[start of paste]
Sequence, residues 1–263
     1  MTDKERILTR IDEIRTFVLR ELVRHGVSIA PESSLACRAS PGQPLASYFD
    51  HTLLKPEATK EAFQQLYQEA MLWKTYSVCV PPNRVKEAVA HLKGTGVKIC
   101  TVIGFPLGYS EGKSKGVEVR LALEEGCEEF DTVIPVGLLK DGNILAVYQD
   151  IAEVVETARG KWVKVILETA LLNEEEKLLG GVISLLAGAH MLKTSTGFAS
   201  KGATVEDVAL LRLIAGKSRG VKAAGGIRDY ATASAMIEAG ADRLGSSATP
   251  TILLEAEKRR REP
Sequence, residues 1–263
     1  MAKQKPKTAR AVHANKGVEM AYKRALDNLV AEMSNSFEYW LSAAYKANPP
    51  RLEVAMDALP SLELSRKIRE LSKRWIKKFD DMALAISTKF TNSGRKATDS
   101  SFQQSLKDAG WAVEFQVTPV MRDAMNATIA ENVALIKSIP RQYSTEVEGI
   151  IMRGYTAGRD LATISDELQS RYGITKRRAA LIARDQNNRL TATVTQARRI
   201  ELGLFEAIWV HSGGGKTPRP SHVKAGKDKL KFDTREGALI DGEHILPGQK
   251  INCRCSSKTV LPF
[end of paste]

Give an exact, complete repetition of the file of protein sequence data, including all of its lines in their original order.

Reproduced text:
Sequence, residues 1–263
     1  MTDKERILTR IDEIRTFVLR ELVRHGVSIA PESSLACRAS PGQPLASYFD
    51  HTLLKPEATK EAFQQLYQEA MLWKTYSVCV PPNRVKEAVA HLKGTGVKIC
   101  TVIGFPLGYS EGKSKGVEVR LALEEGCEEF DTVIPVGLLK DGNILAVYQD
   151  IAEVVETARG KWVKVILETA LLNEEEKLLG GVISLLAGAH MLKTSTGFAS
   201  KGATVEDVAL LRLIAGKSRG VKAAGGIRDY ATASAMIEAG ADRLGSSATP
   251  TILLEAEKRR REP
Sequence, residues 1–263
     1  MAKQKPKTAR AVHANKGVEM AYKRALDNLV AEMSNSFEYW LSAAYKANPP
    51  RLEVAMDALP SLELSRKIRE LSKRWIKKFD DMALAISTKF TNSGRKATDS
   101  SFQQSLKDAG WAVEFQVTPV MRDAMNATIA ENVALIKSIP RQYSTEVEGI
   151  IMRGYTAGRD LATISDELQS RYGITKRRAA LIARDQNNRL TATVTQARRI
   201  ELGLFEAIWV HSGGGKTPRP SHVKAGKDKL KFDTREGALI DGEHILPGQK
   251  INCRCSSKTV LPF